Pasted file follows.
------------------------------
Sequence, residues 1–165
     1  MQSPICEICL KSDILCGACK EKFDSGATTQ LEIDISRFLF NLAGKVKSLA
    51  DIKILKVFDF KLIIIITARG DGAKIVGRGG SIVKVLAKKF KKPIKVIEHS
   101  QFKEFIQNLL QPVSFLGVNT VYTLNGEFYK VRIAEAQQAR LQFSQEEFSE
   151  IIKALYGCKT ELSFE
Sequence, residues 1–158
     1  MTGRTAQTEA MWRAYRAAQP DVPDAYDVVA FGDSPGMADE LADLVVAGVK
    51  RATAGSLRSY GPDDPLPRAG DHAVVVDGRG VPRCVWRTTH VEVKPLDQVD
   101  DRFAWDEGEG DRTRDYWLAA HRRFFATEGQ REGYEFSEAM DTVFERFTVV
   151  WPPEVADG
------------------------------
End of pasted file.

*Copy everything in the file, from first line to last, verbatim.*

Sequence, residues 1–165
     1  MQSPICEICL KSDILCGACK EKFDSGATTQ LEIDISRFLF NLAGKVKSLA
    51  DIKILKVFDF KLIIIITARG DGAKIVGRGG SIVKVLAKKF KKPIKVIEHS
   101  QFKEFIQNLL QPVSFLGVNT VYTLNGEFYK VRIAEAQQAR LQFSQEEFSE
   151  IIKALYGCKT ELSFE
Sequence, residues 1–158
     1  MTGRTAQTEA MWRAYRAAQP DVPDAYDVVA FGDSPGMADE LADLVVAGVK
    51  RATAGSLRSY GPDDPLPRAG DHAVVVDGRG VPRCVWRTTH VEVKPLDQVD
   101  DRFAWDEGEG DRTRDYWLAA HRRFFATEGQ REGYEFSEAM DTVFERFTVV
   151  WPPEVADG